I think you’re right too about the history of the Bank of England as a good way in to these issues. My plan at the moment is to fairly systematically (if superficially) read my way through economic history starting about 900 – which is obviously quite a bit earlier than most people who are interested in these things start, but I want to have a sense of the development of the economic institutions out of which capitalism emerges in the period of the transition. Marx is right, I think, to mention the importance of Genoa and Venice in the middle ages, as incubators of merchant-banking practices that would later enable the development of national debts – and there’s other stuff from the period that’s relevant too I think (e.g. my understanding is that there are forms of organisation of large-scale (cloth) production in Flanders in the 13th & 14th centuries that are interestingly similar to later properly capitalist factory production – though I’ve hardly read anything about this yet). In other words, I think it’ll be some time before my reading takes me to the Bank of England, but I’m really eager to get there. (The section of the Marx passage above that I excised for length reasons discusses the Bank of England.)

    Speaking of which – I’m sure you’ve seen in the news, but the role of the Bank has been transformed again by the new Tory/Lib-Dem coalition. The still independent bank will now control most of the regulation of the financial sector. The shamelessness of these people is quite something.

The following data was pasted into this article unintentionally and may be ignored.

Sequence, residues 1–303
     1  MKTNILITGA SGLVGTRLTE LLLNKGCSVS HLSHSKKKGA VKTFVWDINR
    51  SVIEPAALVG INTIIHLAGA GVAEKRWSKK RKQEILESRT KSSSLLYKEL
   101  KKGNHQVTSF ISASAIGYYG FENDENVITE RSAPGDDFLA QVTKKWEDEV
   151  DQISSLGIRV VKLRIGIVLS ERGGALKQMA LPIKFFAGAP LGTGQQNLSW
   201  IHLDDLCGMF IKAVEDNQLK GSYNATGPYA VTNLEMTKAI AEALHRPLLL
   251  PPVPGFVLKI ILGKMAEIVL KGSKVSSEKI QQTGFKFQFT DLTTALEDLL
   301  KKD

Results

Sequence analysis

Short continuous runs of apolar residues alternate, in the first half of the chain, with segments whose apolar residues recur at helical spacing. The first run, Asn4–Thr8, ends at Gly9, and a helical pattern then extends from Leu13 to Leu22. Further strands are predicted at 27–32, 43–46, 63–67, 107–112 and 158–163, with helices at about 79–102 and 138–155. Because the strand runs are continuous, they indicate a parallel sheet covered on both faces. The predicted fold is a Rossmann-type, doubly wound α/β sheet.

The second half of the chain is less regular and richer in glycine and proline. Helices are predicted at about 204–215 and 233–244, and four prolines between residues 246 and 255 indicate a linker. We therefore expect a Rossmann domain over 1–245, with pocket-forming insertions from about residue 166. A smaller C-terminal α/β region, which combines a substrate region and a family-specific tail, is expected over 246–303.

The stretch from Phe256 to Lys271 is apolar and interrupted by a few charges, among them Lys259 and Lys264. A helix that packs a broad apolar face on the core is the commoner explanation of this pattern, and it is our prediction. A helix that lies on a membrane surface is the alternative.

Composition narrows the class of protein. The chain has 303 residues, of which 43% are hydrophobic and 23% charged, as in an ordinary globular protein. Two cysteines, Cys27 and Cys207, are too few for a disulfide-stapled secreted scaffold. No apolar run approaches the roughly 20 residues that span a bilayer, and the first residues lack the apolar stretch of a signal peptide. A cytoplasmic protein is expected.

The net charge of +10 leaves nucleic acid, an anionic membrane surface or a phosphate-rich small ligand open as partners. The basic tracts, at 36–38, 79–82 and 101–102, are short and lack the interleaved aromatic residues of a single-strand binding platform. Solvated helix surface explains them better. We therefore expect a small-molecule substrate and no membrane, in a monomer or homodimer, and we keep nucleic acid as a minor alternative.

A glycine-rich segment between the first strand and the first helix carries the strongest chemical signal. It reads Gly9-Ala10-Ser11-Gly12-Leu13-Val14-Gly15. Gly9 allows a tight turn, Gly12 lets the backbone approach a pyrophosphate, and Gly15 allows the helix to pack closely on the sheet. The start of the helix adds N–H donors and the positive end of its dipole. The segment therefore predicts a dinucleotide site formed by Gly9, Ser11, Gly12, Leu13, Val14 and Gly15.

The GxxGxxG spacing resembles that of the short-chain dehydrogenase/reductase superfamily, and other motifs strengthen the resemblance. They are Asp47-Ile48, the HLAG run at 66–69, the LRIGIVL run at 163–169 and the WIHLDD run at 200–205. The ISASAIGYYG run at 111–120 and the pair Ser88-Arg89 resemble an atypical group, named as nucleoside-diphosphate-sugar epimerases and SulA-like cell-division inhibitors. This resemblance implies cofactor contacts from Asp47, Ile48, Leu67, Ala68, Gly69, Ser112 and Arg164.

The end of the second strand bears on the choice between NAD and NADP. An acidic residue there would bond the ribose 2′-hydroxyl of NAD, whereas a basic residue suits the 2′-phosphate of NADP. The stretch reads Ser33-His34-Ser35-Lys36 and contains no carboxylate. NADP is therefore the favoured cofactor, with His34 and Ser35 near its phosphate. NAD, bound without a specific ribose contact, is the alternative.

3. Mike Beggs Says:

    Hey Duncan,
    Did you see that Cambridge University Press have just published a brand new two-volume ‘Economic History of Modern Europe’? Only goes back to 1700 but still should be interesting.

  4. Mike Beggs Says:

    Actually having a quick scan it looks pretty thin, certainly no replacement for the earlier books. Short, no chapters on money/finance, and worst of all the social/political history looks like it’s been replaced by a flat neoclassical institutionalism.

  5. duncan Says:

    Oh that’s a shame. But thanks for pointing to this – I hadn’t seen it – it should at least be useful as a place to find an up-to-date bibliography? One of the problems I’m facing is figuring out what books to read, since (given the very small amount of material I can realistically expect to read (given I mean the completely non-rigorous and highly time-constrained nature of the project)) it doesn’t work to just grab a heap of texts and submerge oneself in a period. I need to be absurdly selective – and I need to do my best to make sure I’m making a relatively sensible selection. For the medieval period I’ve found myself often going back to what seem to be canonical but dated older texts – Pirenne; Bloch; Duby – because a) even when these figures are treated with great scepticism, their work still often seems to be a central reference point, continuing to set many of the terms of discussion among contemporary scholars (as far as I can tell), and b) no one seems to be writing comparable works to replace these texts. I think this is probably because large-scale history has gone so decisively out of fashion, but this is a problem for the dilettante reader like myself, who simply doesn’t have the time to piece together a picture of what’s happening across Europe in the 13th century (or whatever) by reading dozens of micrologically-focussed monographs. And of course things will only get more out of hand as I move forward to the early modern period, because the amount of historical material expands like crazy. Anyway, what I’m saying is that an up-to-date bibliography will be really useful, since so many of the texts I’ve been looking at are a bit old. So thank you! And I hope the PhD’s treating you well…